Texas fireballs remain mystery - WMC Action News 5 - Memphis, Tennessee

Texas fireballs remain mystery

PLANO, TX (NBC NEWSCHANNEL) - The U.S. government says there's no relation between the fireballs that streaked the Texas skies Sunday and the collision of two satellites over Siberia last week.

"There is no correlation between the debris from that collision and those reports of re-entry," said Maj. Regina Winchester, official spokesman for the U.S. Strategic Command, which includes the Air Force Space Command that monitors satellites.

Jim Orberg, space program expert and NBC contributor, explains officials at Strategic Command came to that conclusion by noting the orientation in space of the belt of debris formed from the remains of both satellites, and that Texas was not passing through the belts of debris at the time of the sightings.

Numerous people across Texas reported seeing fireballs in the air Sunday morning.

People in Richardson, Plano, Burleson and near Corsicana reported seeing the streaks in the skies.

Kenneth and Jacqueline Terry said they saw fireballs in the sky as they were leaving church services at the Potter's House in Dallas.

"It was definitely five streaks of burning debris that lasted for about five seconds, and then it disappeared and then the white smoke stayed and it just started to go with the wind," Kenneth Terry said.

"It was really amazing," Jacqueline Terry said.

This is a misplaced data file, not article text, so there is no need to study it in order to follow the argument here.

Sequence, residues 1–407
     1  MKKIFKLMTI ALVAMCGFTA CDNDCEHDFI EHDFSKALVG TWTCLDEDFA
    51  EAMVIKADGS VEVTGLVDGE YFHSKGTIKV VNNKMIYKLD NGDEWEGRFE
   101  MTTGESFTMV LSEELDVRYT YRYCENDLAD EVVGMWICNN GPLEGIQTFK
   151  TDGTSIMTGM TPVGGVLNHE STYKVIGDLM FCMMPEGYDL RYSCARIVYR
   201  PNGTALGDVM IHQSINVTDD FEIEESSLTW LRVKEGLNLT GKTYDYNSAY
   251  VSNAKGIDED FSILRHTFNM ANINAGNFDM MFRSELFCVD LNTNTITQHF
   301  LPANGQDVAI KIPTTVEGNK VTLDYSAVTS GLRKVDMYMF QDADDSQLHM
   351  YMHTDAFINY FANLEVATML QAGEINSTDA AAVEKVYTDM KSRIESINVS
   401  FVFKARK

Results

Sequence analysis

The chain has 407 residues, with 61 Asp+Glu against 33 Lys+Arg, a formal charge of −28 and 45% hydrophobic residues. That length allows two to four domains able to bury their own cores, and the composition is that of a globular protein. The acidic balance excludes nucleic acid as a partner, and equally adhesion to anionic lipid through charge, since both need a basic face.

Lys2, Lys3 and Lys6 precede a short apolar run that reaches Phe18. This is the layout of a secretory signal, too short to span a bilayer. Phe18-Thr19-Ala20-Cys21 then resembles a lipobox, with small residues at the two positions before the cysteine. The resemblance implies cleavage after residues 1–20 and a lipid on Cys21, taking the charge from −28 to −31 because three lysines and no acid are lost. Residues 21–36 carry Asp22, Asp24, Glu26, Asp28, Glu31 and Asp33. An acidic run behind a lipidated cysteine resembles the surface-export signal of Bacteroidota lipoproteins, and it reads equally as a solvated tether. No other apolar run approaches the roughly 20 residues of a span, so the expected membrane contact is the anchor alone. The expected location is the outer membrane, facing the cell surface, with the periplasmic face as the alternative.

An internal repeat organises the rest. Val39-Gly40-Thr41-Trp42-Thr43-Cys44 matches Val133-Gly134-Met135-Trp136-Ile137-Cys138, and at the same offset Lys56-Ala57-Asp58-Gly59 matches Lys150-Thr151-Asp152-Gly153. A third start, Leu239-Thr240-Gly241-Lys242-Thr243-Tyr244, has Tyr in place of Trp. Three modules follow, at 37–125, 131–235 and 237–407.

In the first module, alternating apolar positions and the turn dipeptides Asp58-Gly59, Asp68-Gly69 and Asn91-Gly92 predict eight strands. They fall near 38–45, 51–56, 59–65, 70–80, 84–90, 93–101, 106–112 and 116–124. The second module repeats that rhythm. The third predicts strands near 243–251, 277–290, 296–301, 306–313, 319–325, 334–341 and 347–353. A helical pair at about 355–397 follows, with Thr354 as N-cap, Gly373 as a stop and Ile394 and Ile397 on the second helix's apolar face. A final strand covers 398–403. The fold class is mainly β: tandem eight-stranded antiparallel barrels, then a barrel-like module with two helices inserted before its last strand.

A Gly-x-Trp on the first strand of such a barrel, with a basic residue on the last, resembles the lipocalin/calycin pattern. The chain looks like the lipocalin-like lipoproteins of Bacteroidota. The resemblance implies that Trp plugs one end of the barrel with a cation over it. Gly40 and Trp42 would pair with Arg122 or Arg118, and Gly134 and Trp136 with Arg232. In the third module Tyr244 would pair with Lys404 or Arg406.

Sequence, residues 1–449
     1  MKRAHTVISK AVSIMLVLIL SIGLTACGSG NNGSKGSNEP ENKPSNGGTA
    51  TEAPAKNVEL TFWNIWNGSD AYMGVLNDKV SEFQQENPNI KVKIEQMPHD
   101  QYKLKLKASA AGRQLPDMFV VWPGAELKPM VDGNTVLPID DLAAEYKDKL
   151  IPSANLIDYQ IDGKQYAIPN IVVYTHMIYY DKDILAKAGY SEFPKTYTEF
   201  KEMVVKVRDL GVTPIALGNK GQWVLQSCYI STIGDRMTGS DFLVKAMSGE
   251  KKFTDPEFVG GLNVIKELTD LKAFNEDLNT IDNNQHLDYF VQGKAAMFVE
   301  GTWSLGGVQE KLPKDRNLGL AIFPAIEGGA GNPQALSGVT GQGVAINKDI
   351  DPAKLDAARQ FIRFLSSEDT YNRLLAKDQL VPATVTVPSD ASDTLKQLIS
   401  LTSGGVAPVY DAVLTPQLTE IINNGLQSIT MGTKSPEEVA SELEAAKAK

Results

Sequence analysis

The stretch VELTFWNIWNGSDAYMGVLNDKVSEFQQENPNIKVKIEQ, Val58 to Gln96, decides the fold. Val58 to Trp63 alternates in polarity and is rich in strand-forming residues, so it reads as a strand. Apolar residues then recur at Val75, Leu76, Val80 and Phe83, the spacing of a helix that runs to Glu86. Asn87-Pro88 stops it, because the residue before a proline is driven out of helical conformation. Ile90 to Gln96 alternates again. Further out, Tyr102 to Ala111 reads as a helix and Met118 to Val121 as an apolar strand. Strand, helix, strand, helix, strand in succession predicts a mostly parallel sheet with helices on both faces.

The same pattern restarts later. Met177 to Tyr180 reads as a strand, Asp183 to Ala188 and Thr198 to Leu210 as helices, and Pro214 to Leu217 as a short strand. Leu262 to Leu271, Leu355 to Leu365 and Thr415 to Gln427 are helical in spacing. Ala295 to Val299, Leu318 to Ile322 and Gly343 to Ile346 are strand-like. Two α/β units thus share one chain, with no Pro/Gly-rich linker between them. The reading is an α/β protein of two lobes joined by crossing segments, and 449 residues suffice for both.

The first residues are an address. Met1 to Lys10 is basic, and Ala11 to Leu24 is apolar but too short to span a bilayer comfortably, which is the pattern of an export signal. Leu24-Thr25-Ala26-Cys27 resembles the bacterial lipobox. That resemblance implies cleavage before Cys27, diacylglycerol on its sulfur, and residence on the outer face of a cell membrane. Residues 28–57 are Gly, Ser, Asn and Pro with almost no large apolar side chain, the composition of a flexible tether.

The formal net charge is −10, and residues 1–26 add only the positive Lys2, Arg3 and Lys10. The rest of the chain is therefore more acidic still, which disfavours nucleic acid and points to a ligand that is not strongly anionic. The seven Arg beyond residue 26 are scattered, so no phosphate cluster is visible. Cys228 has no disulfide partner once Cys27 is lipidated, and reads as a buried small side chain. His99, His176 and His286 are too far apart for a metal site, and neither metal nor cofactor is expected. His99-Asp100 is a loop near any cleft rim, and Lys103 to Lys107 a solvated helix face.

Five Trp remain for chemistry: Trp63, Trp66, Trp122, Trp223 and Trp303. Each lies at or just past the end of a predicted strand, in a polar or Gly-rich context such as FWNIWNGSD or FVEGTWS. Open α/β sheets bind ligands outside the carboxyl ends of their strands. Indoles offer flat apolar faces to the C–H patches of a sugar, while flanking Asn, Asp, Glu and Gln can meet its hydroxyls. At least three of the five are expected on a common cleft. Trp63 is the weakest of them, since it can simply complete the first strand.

Air traffic controllers at Dallas-Fort Worth International Airport also received several reports from pilots of a streak of light in the sky.

Some pilots said it looked like something re-entering the atmosphere, an air traffic source said.

The FAA notified pilots on Saturday to be aware of possible space debris from the collision.

Controllers also saw what looked like a vapor trail in the sky far to the south of the airport.

The FAA said it suspected the lights are pieces of two big communications satellites that collided in space on Tuesday, but the FAA could not confirm it.

The FAA said some Texas law enforcement agencies have found debris, but it was not immediately clear which agencies reported finding pieces.

The FAA said people who find pieces of debris should not touch them and should contact law enforcement.

Local military officials will collect and analyze the debris to confirm what it is, the FAA said. The debris field could stretch from New Mexico to Houston.

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